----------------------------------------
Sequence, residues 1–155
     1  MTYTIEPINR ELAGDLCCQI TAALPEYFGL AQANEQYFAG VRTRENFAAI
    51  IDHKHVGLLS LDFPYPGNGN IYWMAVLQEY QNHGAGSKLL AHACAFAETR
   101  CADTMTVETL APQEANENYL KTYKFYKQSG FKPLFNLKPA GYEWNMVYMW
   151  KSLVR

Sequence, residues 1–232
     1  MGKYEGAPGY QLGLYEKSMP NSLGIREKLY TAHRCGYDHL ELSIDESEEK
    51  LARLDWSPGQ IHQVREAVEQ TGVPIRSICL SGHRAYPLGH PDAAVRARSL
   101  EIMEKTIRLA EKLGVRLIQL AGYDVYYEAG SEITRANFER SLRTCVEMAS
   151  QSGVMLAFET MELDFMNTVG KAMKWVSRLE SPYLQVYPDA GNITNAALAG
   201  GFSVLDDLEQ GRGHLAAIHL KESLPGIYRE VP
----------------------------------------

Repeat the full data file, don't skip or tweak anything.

Sequence, residues 1–155
     1  MTYTIEPINR ELAGDLCCQI TAALPEYFGL AQANEQYFAG VRTRENFAAI
    51  IDHKHVGLLS LDFPYPGNGN IYWMAVLQEY QNHGAGSKLL AHACAFAETR
   101  CADTMTVETL APQEANENYL KTYKFYKQSG FKPLFNLKPA GYEWNMVYMW
   151  KSLVR

Sequence, residues 1–232
     1  MGKYEGAPGY QLGLYEKSMP NSLGIREKLY TAHRCGYDHL ELSIDESEEK
    51  LARLDWSPGQ IHQVREAVEQ TGVPIRSICL SGHRAYPLGH PDAAVRARSL
   101  EIMEKTIRLA EKLGVRLIQL AGYDVYYEAG SEITRANFER SLRTCVEMAS
   151  QSGVMLAFET MELDFMNTVG KAMKWVSRLE SPYLQVYPDA GNITNAALAG
   201  GFSVLDDLEQ GRGHLAAIHL KESLPGIYRE VP